Audience-friendly: It’s not a crime

April 12, 2013

audience friendly
I recall a while back that a fellow critic took offense when I referred to Noah Baumbach’s “Greenberg” as “not an audience-friendly film.”

He felt that I was using the term pejoratively – as though I was saying there was something wrong with any film that didn’t make a specific point of trying to connect with its audience. Though I explained that it was not meant as a slur but as a simple descriptive, he still wasn’t satisfied.

I continue to believe, however, that the term has validity, particularly as a way for critics to describe a film in a way that is helpful to the reader.

I’m not making judgments about either side of this equation. I’d say I like films that are audience-friendly as often as I do the more challenging ones. It depends on the film itself.

You know what an audience-friendly film is. It tells a story that engages you about characters you can like and root for. It doesn’t have to be just a comedy, though that’s always a helpful element. But something like “42” is the pinnacle of the audience-friendly work of popular culture – and it’s certainly not a comedy.

Yet those films – movies that seek to tell a story that uplifts or inspires – often get short shrift from critics for that reason alone. This week, for example, “42” is being slagged by some critics for being manipulative – as though all movies are not manipulative to one degree or another. “42” happens to be a well-made and extremely involving story about an important moment in history. The fact that it works on the viewer emotionally, however, is often seen as a negative by critics who aren’t comfortable with movies that deal with feelings, rather than ideas or theories.

I don’t think those particular elements – a story you can follow, characters you like and root for – are disqualifiers for a film that can be exciting, entertaining, even mystifying. That’s the bread-and-butter of the box-office chart: movies that appeal to an audience. To too many critics, however, appealing to an audience and pandering to it are inextricably linked. That’s as much an erroneous generalization as saying that all films that go in the opposite direction are the only true art: plotless character studies, impressionistic slices of life, nonlinear puzzle films.

Those are the films I would classify as not being audience-friendly. They don’t offer themselves to the viewer; indeed, they force the viewer to dig in and excavate meaning for himself. Or not. The plot isn’t necessarily a plot, the characters aren’t necessarily likable (or even understandable) – indeed, the characters sometimes are not even characters. Consider Terrence Malick’s “To the Wonder,” opening today, in which the actors are almost an afterthought.

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There is an audience for those films, films as disparate as Sofia Coppola’s “Somewhere” (quiet, sharply observed father-daughter tale, minus a real story) and David Chase’s “Not Fade Away” (snapshot-glimpses of the music of an era from the viewpoint of multiple characters, again driven by character rather than plot).

Just as there is, no doubt, an audience for “To the Wonder” and Shane Carruth’s “Upstream Color,” which opened to an 84 percent “Fresh” rating from critics on Rotten Tomatoes last week.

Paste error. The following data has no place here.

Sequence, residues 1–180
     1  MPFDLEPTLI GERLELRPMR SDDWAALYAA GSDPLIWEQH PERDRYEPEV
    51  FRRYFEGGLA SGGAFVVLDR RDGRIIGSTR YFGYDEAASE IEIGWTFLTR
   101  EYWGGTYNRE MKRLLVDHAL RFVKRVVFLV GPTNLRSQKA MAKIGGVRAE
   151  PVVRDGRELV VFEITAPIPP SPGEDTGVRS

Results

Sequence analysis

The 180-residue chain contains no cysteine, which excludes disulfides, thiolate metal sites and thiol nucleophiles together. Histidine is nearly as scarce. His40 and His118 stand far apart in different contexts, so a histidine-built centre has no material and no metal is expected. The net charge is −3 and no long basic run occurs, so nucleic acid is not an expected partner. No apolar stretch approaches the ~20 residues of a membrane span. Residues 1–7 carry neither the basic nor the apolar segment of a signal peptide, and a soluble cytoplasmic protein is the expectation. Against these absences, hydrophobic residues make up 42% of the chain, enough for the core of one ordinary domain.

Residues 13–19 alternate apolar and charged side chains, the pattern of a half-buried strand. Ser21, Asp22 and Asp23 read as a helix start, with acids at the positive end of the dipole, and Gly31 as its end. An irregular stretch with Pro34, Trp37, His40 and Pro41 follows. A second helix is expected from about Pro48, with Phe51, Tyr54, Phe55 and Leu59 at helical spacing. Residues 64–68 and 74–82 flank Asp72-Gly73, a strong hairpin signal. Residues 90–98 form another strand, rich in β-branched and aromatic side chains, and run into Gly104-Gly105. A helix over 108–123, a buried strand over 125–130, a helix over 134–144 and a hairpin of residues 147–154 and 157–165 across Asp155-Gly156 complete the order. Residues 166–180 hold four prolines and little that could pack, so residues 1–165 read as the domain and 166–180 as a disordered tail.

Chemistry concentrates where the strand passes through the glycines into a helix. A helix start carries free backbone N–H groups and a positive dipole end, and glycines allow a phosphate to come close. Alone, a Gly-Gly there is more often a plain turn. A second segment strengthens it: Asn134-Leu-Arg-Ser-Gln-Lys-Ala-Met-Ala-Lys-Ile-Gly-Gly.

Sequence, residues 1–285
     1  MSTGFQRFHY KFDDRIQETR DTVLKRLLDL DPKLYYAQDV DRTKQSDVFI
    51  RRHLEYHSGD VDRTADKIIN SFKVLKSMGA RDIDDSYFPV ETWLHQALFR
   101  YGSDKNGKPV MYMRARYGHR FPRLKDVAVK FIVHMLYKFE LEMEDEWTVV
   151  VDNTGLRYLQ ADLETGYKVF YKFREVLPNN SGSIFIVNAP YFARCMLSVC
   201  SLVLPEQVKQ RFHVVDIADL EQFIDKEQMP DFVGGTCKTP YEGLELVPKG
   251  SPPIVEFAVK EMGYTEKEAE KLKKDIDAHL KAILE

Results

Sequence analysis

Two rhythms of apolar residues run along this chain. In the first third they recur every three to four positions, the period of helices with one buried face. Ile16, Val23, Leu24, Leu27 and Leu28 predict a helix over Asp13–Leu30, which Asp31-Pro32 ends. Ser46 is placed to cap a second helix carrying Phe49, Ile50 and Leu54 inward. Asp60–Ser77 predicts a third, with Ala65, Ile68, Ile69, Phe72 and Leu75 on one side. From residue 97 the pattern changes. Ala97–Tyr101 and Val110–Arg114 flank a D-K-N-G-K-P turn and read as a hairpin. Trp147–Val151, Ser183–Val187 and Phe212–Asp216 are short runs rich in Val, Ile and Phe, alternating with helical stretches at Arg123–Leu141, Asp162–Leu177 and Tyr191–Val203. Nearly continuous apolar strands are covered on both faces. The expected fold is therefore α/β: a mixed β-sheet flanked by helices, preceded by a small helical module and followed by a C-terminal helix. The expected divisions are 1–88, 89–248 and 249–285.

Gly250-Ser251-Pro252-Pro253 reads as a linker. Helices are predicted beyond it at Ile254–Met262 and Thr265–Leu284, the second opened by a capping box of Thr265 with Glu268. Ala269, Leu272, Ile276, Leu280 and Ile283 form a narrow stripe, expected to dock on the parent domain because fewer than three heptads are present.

But those Rotten Tomato ratings can be deceptive. RT critics, after all, were at 92 percent “Fresh” for “Room 237,” 90 for “Holy Motors,” and 86 percent for “The Master.”

All of those were movies that were not audience-friendly. Most of them were barely watchable. But if you read those reviews, you would find little that’s descriptive of what the movie actually looks or feels like while you’re watching it. Which, for a lot of people, was a negative experience in the case of those particular titles.

How many people saw them because of positive reviews that were misleading? How many might have thought twice if the review mentioned that, oh, well, this film is all but incomprehensible, even if you’ve read a director’s statement on what it means? Or, well, this movie has very little dialogue and takes a 20-minute break for a flashback to the beginning of time? Or this movie is about an inarticulate movie star caught in moments by himself during a movie junket?

Critics have a duty to be clear with readers. Not to warn them, per se, because, again, that implies something about relative merit. But to be clear or honest: This is a movie in which nothing much happens. Or this is a movie in which what does happen doesn’t make a lot of sense. Or is deliberately off-putting or upsetting.

At which point, the critic says: And this is why I think you should pay attention anyway.

That’s the critic’s role – to identify something that seems off-putting or uninteresting and share your passion for it.

Obfuscating it, however, doesn’t do anyone a favor. You don’t get people to interact with and, perhaps, develop an appetite for unconventional or form-breaking work by tricking them into seeing it. You do it by describing it honestly and accurately, in the hope that your description fires a reader’s imagination in some way.

Describing a film as not being particularly audience-friendly is a step in the right direction. It’s not an insult; it’s an adjective.

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